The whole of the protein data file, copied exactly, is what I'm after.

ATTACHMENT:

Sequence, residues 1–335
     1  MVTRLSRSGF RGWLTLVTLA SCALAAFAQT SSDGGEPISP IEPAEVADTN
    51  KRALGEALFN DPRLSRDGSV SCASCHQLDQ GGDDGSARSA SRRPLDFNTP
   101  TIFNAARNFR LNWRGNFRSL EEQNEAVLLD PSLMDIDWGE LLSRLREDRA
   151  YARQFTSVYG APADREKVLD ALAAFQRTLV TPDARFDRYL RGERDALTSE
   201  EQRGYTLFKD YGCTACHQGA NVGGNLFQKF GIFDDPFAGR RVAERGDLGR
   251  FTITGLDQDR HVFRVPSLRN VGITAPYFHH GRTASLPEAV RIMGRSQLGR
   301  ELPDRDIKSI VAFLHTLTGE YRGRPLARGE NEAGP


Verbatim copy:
Sequence, residues 1–335
     1  MVTRLSRSGF RGWLTLVTLA SCALAAFAQT SSDGGEPISP IEPAEVADTN
    51  KRALGEALFN DPRLSRDGSV SCASCHQLDQ GGDDGSARSA SRRPLDFNTP
   101  TIFNAARNFR LNWRGNFRSL EEQNEAVLLD PSLMDIDWGE LLSRLREDRA
   151  YARQFTSVYG APADREKVLD ALAAFQRTLV TPDARFDRYL RGERDALTSE
   201  EQRGYTLFKD YGCTACHQGA NVGGNLFQKF GIFDDPFAGR RVAERGDLGR
   251  FTITGLDQDR HVFRVPSLRN VGITAPYFHH GRTASLPEAV RIMGRSQLGR
   301  ELPDRDIKSI VAFLHTLTGE YRGRPLARGE NEAGP